I was sold on the Breakfast Pizza, $10.99 image at the top of this review, the moment I laid eyes on the two words placed together. It's as if the brunch heavens opened and placed two of the best food items together in succession for one harmonious, epic brunch option. It had a little of everything I would want to order... in pizza form, down to the "crust" being made from biscuit dough. That aspect almost made me do a happy dance it was so good. Piled on this delicious biscuit bed, was a thick layer of mozzarella cheese blanketing flavorful chunks of bacon, ham, AND, if that weren't enough meat, some Italian sausage. I opted out of the onions, but the peppers and jalapenos provided a texture that tossed my taste buds around. I also love eggs Benedict, so the layer of Hollandaise sauce was a welcome addition, which, alongside two runny eggs, made for a sop-off-the-plate eating experience. The biscuit, under all those ingredients, did not get soggy. That is impressive.
I almost chose the Southern Benedict daily special, since it is a favorite of biscuits and gravy in addition to eggs and hollandaise, but I could not pass up the Biscuit Pizza. I also wanted to order a sweeter entrée for contrast: The Pumpkin-Stuffed Waffle. I think I speak for Greg when I say it was worth the food coma that followed: Each fourth of the waffle was used to make a sweet breakfast sandwich of sorts, complete with a marshmallow drizzle and cinnamon butter.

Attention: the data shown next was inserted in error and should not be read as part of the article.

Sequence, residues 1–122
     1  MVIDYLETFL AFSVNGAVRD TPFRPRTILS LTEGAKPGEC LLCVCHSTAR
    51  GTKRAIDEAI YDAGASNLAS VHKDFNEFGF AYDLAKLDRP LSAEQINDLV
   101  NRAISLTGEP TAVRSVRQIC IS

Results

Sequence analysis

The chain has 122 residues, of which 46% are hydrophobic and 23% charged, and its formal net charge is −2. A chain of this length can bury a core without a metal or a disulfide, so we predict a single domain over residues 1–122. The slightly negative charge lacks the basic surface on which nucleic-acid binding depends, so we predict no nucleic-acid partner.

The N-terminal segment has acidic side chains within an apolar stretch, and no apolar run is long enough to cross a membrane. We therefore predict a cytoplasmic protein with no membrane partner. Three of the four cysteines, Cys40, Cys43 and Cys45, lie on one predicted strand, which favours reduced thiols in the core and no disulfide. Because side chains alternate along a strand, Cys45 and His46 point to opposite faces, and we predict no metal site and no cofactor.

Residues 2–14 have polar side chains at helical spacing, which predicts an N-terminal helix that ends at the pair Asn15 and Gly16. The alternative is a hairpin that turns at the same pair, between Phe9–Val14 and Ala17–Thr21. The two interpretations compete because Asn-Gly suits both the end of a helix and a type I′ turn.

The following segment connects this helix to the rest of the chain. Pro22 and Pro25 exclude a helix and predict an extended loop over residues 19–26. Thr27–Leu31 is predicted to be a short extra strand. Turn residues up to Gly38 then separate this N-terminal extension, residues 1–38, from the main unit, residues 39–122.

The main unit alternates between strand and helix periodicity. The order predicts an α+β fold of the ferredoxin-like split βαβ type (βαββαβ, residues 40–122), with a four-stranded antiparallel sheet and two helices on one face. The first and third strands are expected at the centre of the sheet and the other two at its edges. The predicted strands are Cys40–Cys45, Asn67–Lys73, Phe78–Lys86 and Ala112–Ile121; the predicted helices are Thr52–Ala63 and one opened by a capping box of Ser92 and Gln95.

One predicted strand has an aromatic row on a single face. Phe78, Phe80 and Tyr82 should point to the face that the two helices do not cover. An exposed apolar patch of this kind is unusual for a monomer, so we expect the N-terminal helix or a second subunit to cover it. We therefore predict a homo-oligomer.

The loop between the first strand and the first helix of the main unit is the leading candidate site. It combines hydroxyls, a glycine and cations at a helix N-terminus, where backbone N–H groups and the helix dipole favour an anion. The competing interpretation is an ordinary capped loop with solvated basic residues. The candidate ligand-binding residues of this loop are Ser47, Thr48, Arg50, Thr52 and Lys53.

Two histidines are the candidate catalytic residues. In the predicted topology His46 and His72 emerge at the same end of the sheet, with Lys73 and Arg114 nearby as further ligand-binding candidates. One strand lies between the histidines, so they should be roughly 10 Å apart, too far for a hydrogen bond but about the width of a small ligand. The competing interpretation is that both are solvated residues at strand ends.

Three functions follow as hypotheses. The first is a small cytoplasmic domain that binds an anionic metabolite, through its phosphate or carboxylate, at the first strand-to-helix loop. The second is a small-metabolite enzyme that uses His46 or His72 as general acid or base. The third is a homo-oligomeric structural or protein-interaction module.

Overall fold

True to name, the sandwich filling was none other than copious amounts of pumpkin-flavored fluff. It was almost a combination of fluffy icing, cream cheese, and some kind of aerating agent. Whatever that pumpkin-flavored confection was, it played into the crisp, light waffle perfectly. I almost thought the cinnamon butter would be overkill, but then I tasted it, and it was too good not to use despite all the other flavors going on.
The breakfast menu includes everything from omelets and steak and eggs to Benedicts and breakfast sandwiches to a variety of French toast and pancake options. The Yo Hala on the Square French Toast is highlighted on the menu for a reason: It is stuffed with bananas, brown sugar, cream cheese, and Hazelnut sauce (!) and smothered with fruit compote. I am very intrigued by the Monte Cristo, a sandwich I have yet to experience, and by the Spicy Honey Chicken Biscuit, mainly because I heard Metro's fried chicken is very tasty and because it includes a biscuit. Oh, I can't forget about the grits.
The Diner has an extensive lunch/dinner menu as well, considering it is open from 6:30 am until 8 pm Sunday through Thursday and 6:30 am to 8:30 pm Friday and Saturday. Judging by Guy Fieri's review of the meatloaf, I'd say that is a priority item, but the wide array of sandwiches and burgers provides something for everyone. The Charleston Shrimp and Grits looks like a solid rendition of the classic Southern dish. There is a complete Metro Diner menu at the web link below this review.
The restaurant was busy, and servers forgot things in the hustle and bustle, but overall the Metro Diner did exactly what it should: Provide a hearty, yummy meal to satiate the taste buds and fill the belly. Health-conscious Greg was less a fan because of the lack of healthier options, but you go to diners for the hearty, comfort-food, and Metro delivered.
The Pluses and Minuses of the Metro Diner:
The Metro Diner + indicators: Good value to portion size, large servings, varied menu, cozy diner atmosphere, friendly service, plaza parking leaves options.
The Metro Diner - indicators: Long wait time on weekends